China is organizing in Shanghai the largest containment since the containment of Wuhan

Since Friday, more than 26 million people have been prevented from leaving their homes in Shanghai. The massive confinement is similar to the one organized in Wuhan at the start of the Covid-19 epidemic. A French expat who was immediately present in front of France 24 testified.

The streets are almost deserted. “There are still a few police cars and delivery trucks still in circulation,” Eric*, a French expat in Shanghai, told FRANCE 24, who has been confined to his apartment since Friday 1Verse April.

This weekend, Shanghai, one of China’s major economic lungs, extended a ban on leaving their homes for all of its 26 million residents. Including the Xuhui district, which is west of the Huangpu River and where Eric lives. Previously, only half of the city east of this river, since March 28, was affected by these measures to combat the spread of the Omicron strain of Sars-CoV-2 virus.

First containment in Shanghai

China has not had to take containment measures of this magnitude since the initial efforts in the spring of 2020 to eradicate Covid-19 from Wuhan, the city where the virus was first identified.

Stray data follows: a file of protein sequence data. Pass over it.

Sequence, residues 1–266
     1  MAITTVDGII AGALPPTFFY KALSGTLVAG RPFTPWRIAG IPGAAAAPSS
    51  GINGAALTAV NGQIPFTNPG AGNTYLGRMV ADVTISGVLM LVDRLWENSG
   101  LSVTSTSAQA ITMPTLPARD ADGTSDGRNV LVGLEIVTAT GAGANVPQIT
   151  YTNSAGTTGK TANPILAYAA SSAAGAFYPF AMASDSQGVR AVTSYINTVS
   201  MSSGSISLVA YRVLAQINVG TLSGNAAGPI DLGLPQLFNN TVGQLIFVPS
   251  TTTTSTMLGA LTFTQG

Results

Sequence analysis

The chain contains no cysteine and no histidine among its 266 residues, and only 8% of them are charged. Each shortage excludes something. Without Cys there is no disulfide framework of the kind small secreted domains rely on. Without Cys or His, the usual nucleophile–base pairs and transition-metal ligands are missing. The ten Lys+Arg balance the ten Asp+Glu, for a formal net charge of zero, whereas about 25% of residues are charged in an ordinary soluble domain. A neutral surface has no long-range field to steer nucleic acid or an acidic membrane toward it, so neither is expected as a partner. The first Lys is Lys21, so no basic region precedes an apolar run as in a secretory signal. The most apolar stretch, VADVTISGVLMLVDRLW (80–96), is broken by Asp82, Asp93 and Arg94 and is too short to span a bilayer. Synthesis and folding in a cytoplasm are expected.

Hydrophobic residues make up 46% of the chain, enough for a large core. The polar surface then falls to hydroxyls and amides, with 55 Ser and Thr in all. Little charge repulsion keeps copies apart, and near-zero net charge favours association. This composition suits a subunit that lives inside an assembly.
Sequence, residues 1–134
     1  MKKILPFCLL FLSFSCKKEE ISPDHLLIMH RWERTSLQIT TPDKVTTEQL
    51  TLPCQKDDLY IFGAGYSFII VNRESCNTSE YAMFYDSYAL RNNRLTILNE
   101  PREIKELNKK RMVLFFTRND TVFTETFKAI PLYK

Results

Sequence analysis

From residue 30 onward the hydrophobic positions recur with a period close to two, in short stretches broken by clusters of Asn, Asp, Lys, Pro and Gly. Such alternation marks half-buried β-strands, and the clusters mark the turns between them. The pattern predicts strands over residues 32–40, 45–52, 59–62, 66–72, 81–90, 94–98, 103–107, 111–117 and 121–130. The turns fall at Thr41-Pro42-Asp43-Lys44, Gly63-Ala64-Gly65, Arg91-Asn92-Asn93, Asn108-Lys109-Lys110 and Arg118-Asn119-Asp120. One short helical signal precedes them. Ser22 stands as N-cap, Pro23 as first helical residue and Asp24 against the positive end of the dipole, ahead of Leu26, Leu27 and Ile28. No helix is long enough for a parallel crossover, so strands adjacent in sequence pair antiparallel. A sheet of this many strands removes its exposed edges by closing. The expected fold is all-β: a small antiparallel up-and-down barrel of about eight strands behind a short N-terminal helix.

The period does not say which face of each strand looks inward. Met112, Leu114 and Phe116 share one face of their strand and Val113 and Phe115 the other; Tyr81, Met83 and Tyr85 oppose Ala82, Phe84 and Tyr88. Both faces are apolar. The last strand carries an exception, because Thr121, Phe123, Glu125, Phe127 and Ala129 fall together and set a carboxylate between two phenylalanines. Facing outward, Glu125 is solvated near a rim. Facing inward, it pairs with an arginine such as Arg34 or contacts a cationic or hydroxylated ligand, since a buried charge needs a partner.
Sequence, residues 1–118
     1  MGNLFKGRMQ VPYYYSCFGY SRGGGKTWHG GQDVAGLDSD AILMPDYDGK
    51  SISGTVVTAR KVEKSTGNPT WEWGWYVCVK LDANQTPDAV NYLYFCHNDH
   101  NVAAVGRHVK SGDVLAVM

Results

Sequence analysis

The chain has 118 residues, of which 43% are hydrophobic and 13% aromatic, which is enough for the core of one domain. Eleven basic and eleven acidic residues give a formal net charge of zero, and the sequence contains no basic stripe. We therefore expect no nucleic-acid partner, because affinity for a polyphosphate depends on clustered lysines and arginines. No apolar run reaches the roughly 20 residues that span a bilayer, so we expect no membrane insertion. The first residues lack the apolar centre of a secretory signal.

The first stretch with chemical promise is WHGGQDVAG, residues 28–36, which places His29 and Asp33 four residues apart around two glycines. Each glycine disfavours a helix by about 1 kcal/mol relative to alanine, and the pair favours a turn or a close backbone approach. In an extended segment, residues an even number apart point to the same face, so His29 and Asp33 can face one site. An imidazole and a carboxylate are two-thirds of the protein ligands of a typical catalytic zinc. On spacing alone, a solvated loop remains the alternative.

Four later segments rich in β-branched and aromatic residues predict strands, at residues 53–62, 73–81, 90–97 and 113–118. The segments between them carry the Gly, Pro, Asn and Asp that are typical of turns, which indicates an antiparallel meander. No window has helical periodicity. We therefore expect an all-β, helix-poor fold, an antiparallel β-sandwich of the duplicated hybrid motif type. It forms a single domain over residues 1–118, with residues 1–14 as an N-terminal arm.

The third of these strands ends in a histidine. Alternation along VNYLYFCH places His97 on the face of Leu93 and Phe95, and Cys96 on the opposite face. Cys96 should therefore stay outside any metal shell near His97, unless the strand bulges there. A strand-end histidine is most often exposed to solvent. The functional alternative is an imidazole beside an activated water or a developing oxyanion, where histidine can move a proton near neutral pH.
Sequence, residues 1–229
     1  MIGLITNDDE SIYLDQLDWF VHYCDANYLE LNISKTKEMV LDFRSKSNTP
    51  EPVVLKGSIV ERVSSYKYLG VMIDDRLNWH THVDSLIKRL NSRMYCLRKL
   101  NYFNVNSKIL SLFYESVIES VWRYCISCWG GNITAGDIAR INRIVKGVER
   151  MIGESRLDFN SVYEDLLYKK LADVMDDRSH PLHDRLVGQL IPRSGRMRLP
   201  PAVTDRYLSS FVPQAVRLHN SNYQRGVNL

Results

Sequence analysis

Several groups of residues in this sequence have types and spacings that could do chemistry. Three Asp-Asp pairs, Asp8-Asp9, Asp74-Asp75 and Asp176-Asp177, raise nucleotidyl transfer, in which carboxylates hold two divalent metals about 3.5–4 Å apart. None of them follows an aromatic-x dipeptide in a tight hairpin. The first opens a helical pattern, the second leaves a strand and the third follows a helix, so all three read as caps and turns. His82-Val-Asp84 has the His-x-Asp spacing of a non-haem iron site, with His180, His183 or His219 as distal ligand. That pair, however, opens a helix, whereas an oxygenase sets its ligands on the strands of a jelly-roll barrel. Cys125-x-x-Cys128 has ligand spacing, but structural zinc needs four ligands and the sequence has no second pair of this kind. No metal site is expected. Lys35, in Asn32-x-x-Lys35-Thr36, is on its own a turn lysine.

Images of soldiers called in as reinforcements to enforce containment measures, of hundreds of volunteers in medical suits who have passed on-chain PCR tests, also evoke these early days of the battle against Covid-19 in China.

Looking at it from the West, where the impression of an end to the pandemic is beginning to emerge as countries release health pressure one by one, these snapshots are above all a reminder that the virus continues to spread.

>> Read also: “Covid-19: Is it time for the end of health restrictions in France?”

In China, more than 13,000 new cases were recorded on Sunday, April 3. A case that may seem absurd compared to some European countries such as France, which sees nearly 130,000 new cases per day. But for Beijing, which prides itself on having successfully implemented a “zero Covid” policy – eliminating the virus rather than controlling its spread – this is exaggerated.

Of the total infections in China, more than 8,000 have been recorded in Shanghai. There’s another bad news for the Chinese government because so far, “the city has been an exception having gone through the epidemic without being subjected to any specific measures to restrict traffic,” Eric recalls.